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Yemen President Again Refuses To Sign Resignation Accord


A TV grab shows President Ali Abdullah Saleh (left) and U.S. ambassador Gerald Feierstein (right) as ruling party leaders signed an exit agreement at the Presidential Palace in Sanaa on May 22. Saleh did not sign the deal.

A TV grab shows President Ali Abdullah Saleh (left) and U.S. ambassador Gerald Feierstein (right) as ruling party leaders signed an exit agreement at the Presidential Palace in Sanaa on May 22. Saleh did not sign the deal.

Yemen's President Ali Abdullah Saleh has again refused to sign a deal to step down, leaving unresolved the crisis in the Arabian Peninsula country over demands by protesters that he end his nearly 33-year rule.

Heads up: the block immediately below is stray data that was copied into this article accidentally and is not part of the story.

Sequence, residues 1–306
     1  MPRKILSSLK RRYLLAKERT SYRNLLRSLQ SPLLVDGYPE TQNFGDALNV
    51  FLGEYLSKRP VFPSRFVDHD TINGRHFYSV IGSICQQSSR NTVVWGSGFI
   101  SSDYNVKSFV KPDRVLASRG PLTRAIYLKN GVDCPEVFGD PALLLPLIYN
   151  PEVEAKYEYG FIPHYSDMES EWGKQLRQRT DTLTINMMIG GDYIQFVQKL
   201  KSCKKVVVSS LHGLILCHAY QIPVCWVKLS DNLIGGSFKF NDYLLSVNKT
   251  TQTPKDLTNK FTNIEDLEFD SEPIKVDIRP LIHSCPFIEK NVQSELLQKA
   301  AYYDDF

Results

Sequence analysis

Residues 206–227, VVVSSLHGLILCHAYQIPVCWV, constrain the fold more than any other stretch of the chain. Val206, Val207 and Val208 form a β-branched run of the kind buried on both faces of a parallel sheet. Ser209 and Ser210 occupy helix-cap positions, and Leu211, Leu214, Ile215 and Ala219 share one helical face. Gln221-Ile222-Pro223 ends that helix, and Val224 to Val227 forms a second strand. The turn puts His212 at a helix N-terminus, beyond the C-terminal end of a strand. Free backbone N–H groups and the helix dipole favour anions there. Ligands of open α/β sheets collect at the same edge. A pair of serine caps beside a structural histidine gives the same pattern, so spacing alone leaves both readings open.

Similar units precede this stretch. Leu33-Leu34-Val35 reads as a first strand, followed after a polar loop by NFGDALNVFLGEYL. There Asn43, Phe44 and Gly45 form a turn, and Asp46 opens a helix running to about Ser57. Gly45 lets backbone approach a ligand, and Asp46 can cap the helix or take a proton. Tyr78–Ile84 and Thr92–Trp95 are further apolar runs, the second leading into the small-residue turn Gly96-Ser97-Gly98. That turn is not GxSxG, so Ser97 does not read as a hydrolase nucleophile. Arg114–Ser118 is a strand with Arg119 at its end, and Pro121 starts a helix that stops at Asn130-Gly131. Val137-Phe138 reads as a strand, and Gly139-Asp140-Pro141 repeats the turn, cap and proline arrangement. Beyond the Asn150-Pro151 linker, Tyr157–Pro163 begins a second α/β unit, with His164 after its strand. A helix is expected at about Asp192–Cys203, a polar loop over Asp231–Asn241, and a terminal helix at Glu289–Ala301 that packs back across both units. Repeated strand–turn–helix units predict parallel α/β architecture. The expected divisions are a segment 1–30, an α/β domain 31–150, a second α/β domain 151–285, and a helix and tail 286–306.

Saleh on May 22 declined at the last minute to sign the Gulf Arab and U.S.-backed accord, which would have given him immunity from prosecution if he resigned within 30 days.

State-run Yemeni television said he would only sign in the presence of opposition leaders, who had signed the agreement on May 21.

It is the third time that Saleh has backed out of putting his signature to an accord aimed at ending the unrest in Yemen, in which more than 170 protesters are reported to have been killed by security forces.

In response to Saleh's refusal to sign, the Gulf Cooperation Council bloc said it was suspending its initiative to mediate in the Yemen crisis because of what it called a "a lack of suitable conditions."

U.S., European, and Arab ambassadors who were trying to act as mediators in the crisis were trapped for hours on May 22 in the United Arab Emirates' Embassy in Sanaa by armed supporters of Saleh. The diplomats were later evacuated by helicopter.

compiled from agency reports
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